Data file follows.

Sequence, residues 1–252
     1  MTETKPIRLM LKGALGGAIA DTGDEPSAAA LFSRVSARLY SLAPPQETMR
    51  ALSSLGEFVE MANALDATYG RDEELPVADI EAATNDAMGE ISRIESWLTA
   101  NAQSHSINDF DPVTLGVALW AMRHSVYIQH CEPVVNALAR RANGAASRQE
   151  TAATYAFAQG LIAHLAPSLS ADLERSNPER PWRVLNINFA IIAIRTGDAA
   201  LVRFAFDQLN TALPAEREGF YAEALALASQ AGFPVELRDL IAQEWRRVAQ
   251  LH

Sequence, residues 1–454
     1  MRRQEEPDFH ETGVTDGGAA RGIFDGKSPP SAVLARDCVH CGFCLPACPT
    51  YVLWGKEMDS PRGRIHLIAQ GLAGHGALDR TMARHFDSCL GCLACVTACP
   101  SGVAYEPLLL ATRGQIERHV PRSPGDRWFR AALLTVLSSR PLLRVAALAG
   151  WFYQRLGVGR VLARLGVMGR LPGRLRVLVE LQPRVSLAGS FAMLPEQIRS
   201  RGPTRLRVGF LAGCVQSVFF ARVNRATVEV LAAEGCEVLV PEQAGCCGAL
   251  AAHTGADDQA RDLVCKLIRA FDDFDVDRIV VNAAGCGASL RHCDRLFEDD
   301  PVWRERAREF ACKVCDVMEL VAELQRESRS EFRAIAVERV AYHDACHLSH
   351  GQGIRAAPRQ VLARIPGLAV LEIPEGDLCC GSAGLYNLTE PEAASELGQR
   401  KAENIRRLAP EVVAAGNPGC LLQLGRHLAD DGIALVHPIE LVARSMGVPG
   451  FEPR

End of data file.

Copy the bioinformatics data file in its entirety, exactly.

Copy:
Sequence, residues 1–252
     1  MTETKPIRLM LKGALGGAIA DTGDEPSAAA LFSRVSARLY SLAPPQETMR
    51  ALSSLGEFVE MANALDATYG RDEELPVADI EAATNDAMGE ISRIESWLTA
   101  NAQSHSINDF DPVTLGVALW AMRHSVYIQH CEPVVNALAR RANGAASRQE
   151  TAATYAFAQG LIAHLAPSLS ADLERSNPER PWRVLNINFA IIAIRTGDAA
   201  LVRFAFDQLN TALPAEREGF YAEALALASQ AGFPVELRDL IAQEWRRVAQ
   251  LH

Sequence, residues 1–454
     1  MRRQEEPDFH ETGVTDGGAA RGIFDGKSPP SAVLARDCVH CGFCLPACPT
    51  YVLWGKEMDS PRGRIHLIAQ GLAGHGALDR TMARHFDSCL GCLACVTACP
   101  SGVAYEPLLL ATRGQIERHV PRSPGDRWFR AALLTVLSSR PLLRVAALAG
   151  WFYQRLGVGR VLARLGVMGR LPGRLRVLVE LQPRVSLAGS FAMLPEQIRS
   201  RGPTRLRVGF LAGCVQSVFF ARVNRATVEV LAAEGCEVLV PEQAGCCGAL
   251  AAHTGADDQA RDLVCKLIRA FDDFDVDRIV VNAAGCGASL RHCDRLFEDD
   301  PVWRERAREF ACKVCDVMEL VAELQRESRS EFRAIAVERV AYHDACHLSH
   351  GQGIRAAPRQ VLARIPGLAV LEIPEGDLCC GSAGLYNLTE PEAASELGQR
   401  KAENIRRLAP EVVAAGNPGC LLQLGRHLAD DGIALVHPIE LVARSMGVPG
   451  FEPR